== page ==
HC Deb 23 December 1976 vol 923 c291W
Mr. Kenneth Clarke

asked the Secretary of State for Energy what has been the comparison between the cost to the industrial and the domestic consumer of gas, electricity and coal in each of the last 10 years.

Dr. J. Dickson Mabon

This comparison is most readily shown by the ratio of domestic prices to industrial prices. These ratios, which also reflect changes in the mix and seasonal pattern of consumption as well as changes in prices, are set out below:

Gas* Electricity coal
1966 1.6 1.3 1.6–2.2
1967 1.6 1.2 1.6–2.3
1968 1.6 1.4 1.8–2.5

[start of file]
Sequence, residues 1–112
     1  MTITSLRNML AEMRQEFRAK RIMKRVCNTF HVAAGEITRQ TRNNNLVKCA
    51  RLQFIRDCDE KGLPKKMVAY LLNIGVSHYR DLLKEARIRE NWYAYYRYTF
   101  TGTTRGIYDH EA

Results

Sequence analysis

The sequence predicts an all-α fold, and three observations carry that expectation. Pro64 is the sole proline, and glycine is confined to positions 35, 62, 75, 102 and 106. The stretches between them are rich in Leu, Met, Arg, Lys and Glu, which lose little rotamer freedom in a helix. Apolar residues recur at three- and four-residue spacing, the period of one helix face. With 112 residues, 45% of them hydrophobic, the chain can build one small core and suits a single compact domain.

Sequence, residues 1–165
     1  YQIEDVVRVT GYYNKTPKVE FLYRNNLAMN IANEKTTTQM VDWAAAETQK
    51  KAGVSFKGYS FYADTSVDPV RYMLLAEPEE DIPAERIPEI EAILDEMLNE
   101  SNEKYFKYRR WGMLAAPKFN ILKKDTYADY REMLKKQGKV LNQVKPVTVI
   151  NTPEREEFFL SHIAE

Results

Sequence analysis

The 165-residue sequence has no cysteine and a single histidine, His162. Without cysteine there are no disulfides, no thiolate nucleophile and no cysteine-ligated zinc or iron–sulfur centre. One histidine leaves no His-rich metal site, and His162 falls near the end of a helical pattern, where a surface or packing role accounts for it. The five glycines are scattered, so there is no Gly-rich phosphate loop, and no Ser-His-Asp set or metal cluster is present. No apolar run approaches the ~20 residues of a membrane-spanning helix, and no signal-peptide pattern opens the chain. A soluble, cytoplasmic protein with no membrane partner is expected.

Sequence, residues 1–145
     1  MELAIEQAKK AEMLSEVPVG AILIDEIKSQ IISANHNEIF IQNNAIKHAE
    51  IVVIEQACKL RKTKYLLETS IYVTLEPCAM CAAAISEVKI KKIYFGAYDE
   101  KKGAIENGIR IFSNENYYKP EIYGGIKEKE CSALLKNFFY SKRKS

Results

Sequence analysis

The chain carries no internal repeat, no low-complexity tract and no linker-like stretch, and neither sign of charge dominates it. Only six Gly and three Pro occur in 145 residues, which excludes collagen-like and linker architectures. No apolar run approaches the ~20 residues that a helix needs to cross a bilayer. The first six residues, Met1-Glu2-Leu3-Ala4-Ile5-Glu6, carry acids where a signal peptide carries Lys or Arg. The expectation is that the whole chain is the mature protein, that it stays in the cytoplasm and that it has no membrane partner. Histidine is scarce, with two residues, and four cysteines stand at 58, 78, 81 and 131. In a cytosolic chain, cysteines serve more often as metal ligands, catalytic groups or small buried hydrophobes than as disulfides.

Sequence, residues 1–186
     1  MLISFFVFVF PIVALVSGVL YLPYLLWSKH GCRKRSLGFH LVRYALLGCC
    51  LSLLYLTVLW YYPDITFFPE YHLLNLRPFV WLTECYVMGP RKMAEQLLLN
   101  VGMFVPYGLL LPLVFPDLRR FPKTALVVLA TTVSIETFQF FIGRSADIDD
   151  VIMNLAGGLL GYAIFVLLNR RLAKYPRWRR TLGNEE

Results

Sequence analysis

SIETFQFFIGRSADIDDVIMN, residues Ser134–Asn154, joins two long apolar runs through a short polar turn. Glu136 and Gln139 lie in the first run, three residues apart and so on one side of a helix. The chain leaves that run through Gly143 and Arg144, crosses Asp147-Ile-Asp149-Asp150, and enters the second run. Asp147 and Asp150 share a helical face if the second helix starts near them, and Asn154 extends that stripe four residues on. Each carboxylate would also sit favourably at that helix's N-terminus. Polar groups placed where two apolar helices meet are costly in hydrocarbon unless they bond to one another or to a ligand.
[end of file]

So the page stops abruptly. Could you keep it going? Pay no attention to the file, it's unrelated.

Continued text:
1969 1.8 1.3 2.0–2.6
1970 2.3 1.3 1.8–2.7
1971 3.4 1.2 1.7–2.5
1972 3.8 1.3 1.7–2.4
1973 3.6 1.3 1.6–2.4
1974 3.0 1.1 1.8–2.7
1975 2.8 1.2 1.6–2.3
* Based on average revenue per therm for domestic and for industrial consumers. In the latter case, they reflect changes in the structure of the market stemming from the introduction of large contracts hut do not fully reflect the prices charged under new contracts. The figures relate to the financial year ending in March of the following year.
† Based on average net selling values.
‡ Based on estimates of delivered prices. The retail prices of domestic coal includes the costs of transport and wholesalers' and retailers' margins, which may result in an average increase on the pithead price of around 100 per cent. There is a wide variation round this average figure according to area and trader, which is reflected in the quoted ranges.